The “Big” Test – Announcement

WSTM Broadcast AntennaIt’s time to experiment! We may be several weeks away from going on the air with the repeater, but the antenna is ready NOW, and I’d like your help to give it a test run. I’m going to host a simplex net on Tuesday, April 3, 2012, at 8:00 pm, on 53.670 MHz (the proposed frequency of the new repeater). I chose this time because it comes right after the popular 6 meter net on 53.05, and I was hoping everyone from that net would slide on over and join the test.

I’ll run net control from the future repeater site, using 65 watts, which roughly approximates the amount of power that will make it out of the duplexer when the repeater goes on the air. This should give us a good idea what the repeater’s actual coverage will be. The point of this exercise will be to gather information about signal strength, location, antenna types, power level, etc. There are several items of information that I would like to receive from you during the test:

  • Your call, name and QTH
    Your rig and power level
    Your antenna, and whether it is V or H polarization
    Your S meter reading, if available

Of course, I will also give each check-in a signal report. Over these great distances, it is quite likely that many people won’t hear each other, so I will briefly repeat the report from each station so that everyone can keep up with what’s going on.

EVERYONE is welcome, and I am particularly interested in anyone who is able to participate using a mobile rig, HT, or a horizontal beam that’s a good distance away from Syracuse. Anyone who can hear but not respond is encouraged to send a report via e-mail to kd2sl@yahoo.com. Everyone who responds on the air or via e-mail will receive a special QSL card (an actual post card, in the US Mail!) created just for this test! Also, the results will be summarized in a post on this blog.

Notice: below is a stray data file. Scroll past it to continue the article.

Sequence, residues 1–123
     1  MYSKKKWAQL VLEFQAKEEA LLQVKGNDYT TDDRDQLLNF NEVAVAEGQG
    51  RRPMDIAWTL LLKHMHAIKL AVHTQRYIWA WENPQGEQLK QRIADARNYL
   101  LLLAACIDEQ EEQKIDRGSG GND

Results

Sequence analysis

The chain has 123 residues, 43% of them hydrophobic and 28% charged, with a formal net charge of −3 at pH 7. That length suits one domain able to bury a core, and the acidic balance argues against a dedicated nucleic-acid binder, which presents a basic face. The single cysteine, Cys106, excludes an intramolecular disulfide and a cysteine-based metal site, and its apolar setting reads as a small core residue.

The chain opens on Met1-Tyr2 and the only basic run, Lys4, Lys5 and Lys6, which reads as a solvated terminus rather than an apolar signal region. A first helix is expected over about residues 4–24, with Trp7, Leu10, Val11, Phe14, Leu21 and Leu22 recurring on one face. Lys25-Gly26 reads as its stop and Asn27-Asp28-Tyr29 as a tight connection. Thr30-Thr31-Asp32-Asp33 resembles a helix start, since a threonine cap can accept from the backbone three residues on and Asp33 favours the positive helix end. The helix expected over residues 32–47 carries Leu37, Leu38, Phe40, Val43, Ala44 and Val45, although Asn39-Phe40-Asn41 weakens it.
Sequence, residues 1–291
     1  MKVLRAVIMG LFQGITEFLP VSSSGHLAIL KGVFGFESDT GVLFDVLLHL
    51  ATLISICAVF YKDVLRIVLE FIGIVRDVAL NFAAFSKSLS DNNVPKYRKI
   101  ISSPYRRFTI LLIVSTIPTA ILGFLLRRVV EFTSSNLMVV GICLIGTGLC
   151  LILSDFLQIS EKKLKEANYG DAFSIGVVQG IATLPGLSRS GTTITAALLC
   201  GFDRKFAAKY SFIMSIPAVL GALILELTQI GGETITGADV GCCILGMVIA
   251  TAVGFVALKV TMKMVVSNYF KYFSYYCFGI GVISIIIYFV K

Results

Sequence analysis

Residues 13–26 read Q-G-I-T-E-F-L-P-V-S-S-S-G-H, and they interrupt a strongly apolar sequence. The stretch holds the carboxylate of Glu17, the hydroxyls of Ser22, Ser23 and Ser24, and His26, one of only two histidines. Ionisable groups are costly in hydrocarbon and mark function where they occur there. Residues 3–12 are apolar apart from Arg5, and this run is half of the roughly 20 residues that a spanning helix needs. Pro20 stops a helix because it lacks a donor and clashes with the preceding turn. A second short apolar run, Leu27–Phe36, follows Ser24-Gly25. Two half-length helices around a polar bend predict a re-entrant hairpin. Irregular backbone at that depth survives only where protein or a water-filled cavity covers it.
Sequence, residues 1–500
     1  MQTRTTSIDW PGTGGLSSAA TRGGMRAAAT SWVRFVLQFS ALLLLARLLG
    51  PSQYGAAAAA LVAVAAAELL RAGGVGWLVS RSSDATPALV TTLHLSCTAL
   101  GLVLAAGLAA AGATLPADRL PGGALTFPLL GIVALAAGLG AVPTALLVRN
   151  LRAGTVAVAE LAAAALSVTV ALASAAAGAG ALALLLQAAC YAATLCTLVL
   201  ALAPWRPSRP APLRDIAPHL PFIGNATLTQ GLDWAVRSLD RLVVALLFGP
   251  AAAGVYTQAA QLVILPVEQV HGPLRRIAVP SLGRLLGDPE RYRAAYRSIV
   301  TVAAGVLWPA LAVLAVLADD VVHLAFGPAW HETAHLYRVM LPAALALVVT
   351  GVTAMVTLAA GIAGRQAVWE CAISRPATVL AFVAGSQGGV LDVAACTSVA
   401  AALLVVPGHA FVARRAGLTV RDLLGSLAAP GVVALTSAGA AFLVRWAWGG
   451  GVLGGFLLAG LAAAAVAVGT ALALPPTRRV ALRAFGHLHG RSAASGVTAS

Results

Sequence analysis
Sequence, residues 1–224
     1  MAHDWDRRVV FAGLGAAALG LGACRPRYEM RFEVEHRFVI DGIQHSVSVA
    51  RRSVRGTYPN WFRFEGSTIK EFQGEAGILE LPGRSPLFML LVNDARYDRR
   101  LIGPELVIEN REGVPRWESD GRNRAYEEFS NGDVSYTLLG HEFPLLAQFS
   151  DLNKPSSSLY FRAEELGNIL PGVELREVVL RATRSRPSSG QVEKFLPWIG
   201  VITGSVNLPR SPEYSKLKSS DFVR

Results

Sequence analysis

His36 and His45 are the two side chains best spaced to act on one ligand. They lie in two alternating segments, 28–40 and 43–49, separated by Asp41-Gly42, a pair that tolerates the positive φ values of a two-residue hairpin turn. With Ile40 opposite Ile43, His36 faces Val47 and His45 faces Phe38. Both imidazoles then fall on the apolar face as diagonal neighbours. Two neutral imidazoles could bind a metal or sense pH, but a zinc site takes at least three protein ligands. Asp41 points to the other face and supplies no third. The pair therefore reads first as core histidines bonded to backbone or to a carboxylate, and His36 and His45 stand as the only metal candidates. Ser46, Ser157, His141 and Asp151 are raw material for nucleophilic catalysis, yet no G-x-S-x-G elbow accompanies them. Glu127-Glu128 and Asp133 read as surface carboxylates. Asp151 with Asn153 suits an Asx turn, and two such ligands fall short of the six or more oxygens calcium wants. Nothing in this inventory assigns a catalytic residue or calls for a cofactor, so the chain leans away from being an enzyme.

WSTM Coverage Map, Syracuse NYTake another look at the predicted coverage map (click to enlarge it), and notice the little bits of magenta-purple coloring in the fringe areas. This indicates the expected “fringe” limits of coverage; it is likely that a substantial antenna and good amount of power (100 watts) will be required in those areas. Anyone in these areas is strongly encouraged to give it a shot. Please help spread the word to your ham friends from northern Pennsylvania to southern Ontario, Canada, and from Buffalo to Albany.  Mention it on any nets you are part of.  Pass the word on via e-mail.  Thanks for your help!

Spread the word! Join us Tuesday, April 3, 2012, at 8:00 pm, 53.670 MHz simplex.

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About kd2sl

I'm a lifelong geek, interested in anything electronic, but especially ham radio, radio and TV broadcasting, and computers. Employed as a television engineer for several Syracuse, NY TV stations.
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